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Indian Government Blocks GitHub, Vimeo, and Others for Hosting ISIS Content

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The Indian government’s Department of Telecom has asked ISPs to block GitHub, Vimeo, SourceForge, and dozens of other popular websites for hosting “Anti India content from ISIS.” Pranesh Prakash, a director at the Centre for Internet and Society, has tweeted a list of 32 blocked URLs. The blocks aren’t entirely consistent among India’s many ISPs, though customers of Vodafone, BSNL, Hathway, and others have confirmed being unable to access the blocked sites.

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Also read: Indian Reserve Bank Governor: Bitcoin Is Fascinating

Censorship in Response to Terrorism

Indian Government Blocks GitHub, Vimeo, and Others for Hosting ISIS ContentThe Department of Telecom issued the notification to ISPs on December 17th, and Pastebin first reported the block on the 19th. Since then, many Indians have reported being unable to access the blocked sites, though confirmation of the blocks only arrived today from Arvind Gupta, head of the Bharatiya Janata political party:

“The websites that have been blocked were based on an advisory by Anti Terrorism Squad, and were carrying Anti India content from ISIS.”

Gupta also stated that websites “that have removed objectionable content and/or cooperated with the ongoing investigations” are being unblocked. However, not all affected websites have been notified by the Indian government. A Vimeo spokesperson told CNN:

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“It is Vimeo’s longstanding policy not to allow videos that promote terrorism, and we remove such videos whenever we become aware of them. We have not received notice from the Indian government concerning such videos and have contacted them requesting the blocking order to identify, and evaluate the video in question. It is our hope that Vimeo can be restored promptly in India.”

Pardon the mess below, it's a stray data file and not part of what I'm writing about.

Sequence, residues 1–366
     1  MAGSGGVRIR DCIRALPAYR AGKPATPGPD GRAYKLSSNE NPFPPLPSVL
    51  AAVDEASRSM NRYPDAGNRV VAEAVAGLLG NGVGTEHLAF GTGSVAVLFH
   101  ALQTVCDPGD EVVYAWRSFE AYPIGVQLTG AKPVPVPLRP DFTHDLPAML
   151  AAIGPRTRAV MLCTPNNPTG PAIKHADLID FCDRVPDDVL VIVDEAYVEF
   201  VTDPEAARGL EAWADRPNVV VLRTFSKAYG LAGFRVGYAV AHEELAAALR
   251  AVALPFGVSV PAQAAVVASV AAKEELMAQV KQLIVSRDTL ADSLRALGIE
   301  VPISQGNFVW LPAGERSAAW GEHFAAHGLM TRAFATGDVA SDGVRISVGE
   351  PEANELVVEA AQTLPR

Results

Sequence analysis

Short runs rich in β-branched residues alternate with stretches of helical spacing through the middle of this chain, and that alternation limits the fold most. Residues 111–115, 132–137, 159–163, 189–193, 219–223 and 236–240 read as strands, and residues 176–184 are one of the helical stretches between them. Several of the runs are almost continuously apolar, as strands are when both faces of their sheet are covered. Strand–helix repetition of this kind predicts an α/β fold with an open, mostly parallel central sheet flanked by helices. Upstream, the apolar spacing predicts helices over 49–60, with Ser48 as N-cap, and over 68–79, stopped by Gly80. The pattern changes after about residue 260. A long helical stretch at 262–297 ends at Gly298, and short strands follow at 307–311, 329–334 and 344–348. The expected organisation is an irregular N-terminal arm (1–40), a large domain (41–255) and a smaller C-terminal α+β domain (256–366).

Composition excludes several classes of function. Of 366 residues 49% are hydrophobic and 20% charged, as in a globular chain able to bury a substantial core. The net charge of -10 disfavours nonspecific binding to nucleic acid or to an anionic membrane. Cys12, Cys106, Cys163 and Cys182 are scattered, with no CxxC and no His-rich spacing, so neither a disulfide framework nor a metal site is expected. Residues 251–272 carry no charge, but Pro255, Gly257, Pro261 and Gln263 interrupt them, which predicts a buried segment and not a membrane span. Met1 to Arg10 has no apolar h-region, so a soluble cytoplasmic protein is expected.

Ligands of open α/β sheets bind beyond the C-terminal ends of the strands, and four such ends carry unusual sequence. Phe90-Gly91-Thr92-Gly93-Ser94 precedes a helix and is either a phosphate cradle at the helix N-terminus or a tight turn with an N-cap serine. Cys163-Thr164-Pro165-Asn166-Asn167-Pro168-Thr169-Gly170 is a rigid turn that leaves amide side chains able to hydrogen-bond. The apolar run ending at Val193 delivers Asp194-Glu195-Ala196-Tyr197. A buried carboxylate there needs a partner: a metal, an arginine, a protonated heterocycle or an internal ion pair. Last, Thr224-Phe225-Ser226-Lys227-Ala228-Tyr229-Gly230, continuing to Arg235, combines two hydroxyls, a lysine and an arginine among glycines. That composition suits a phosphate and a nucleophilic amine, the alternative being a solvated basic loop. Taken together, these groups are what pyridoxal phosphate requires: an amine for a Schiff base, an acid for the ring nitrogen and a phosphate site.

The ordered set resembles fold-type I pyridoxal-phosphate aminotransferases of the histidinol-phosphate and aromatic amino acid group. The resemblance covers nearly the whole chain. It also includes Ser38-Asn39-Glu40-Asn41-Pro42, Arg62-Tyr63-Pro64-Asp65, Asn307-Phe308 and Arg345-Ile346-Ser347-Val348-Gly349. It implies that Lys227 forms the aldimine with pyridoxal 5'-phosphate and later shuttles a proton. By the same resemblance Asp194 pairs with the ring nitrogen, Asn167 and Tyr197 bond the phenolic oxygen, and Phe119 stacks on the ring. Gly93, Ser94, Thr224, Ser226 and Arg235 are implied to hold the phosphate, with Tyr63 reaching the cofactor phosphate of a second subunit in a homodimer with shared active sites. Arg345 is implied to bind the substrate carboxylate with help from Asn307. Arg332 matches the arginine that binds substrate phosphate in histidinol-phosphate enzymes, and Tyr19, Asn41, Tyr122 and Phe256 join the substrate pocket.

Many Indians have taken to social media to express outrage over the blanket censorship, arguing against blocking entire domains when only certain user-contributed content may be offensive. An anonymous government official responded to the arguments, offering The Economic Times a statement using Pastebin as an example:

“These are all providing very dangerous kind of cut and paste services..You can take code, cut it, paste it, remove it, delete it…”

As has happened in the past, the Indian government is using the controversial section 69A of the Information Technology Act and the Information Technology (Procedures and Safeguards for Blocking of Access of Information by Public) Rules to issue the blocks. These laws have legalised internet censorship in response to certain cases such as terrorism and copyright infringement. Earlier in June 2014, Google Docs, The Pirate Bay, and over 400 other file sharing websites were blocked following a complaint from Sony Entertainment.

India’s technology industry relies on websites like SourceForge and GitHub, and developers like Thejesh GN, co-founder of DataMeet, have expressed concern over the “lack of transparency where people don’t get to know why their sites were blocked.”

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San Bernadino iPhone Case: Major Press Agencies Are Suing the FBI

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The Associated Press, Gannett, and VICE Media are suing the FBI to know more details about the agency’s hack of the San Bernadino killer’s iPhone.

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Toward Unbreakable Quantum Encryption for Everyone

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Hacked recently covered the efforts of the Chinese government to build unbreakable quantum communication networks. According to analysts, quantum communications networks are so expensive that they could have a “recentralizing effect,” enabling states to recover the ground that they have lost to decentralizing digital technologies. But what if ultra-secure quantum cryptography could be made available to everyone at low cost?

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The Chinese Quantum Satellite QUESS: Toward Unbreakable Quantum Networks

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One year ago Hacked covered the race between the US and China to develop “military super-powers” by harnessing quantum science, and noted that Chinese scientists were developing quantum communication satellites that support unbreakable encryption. A few weeks ago, China launched its first quantum satellite.

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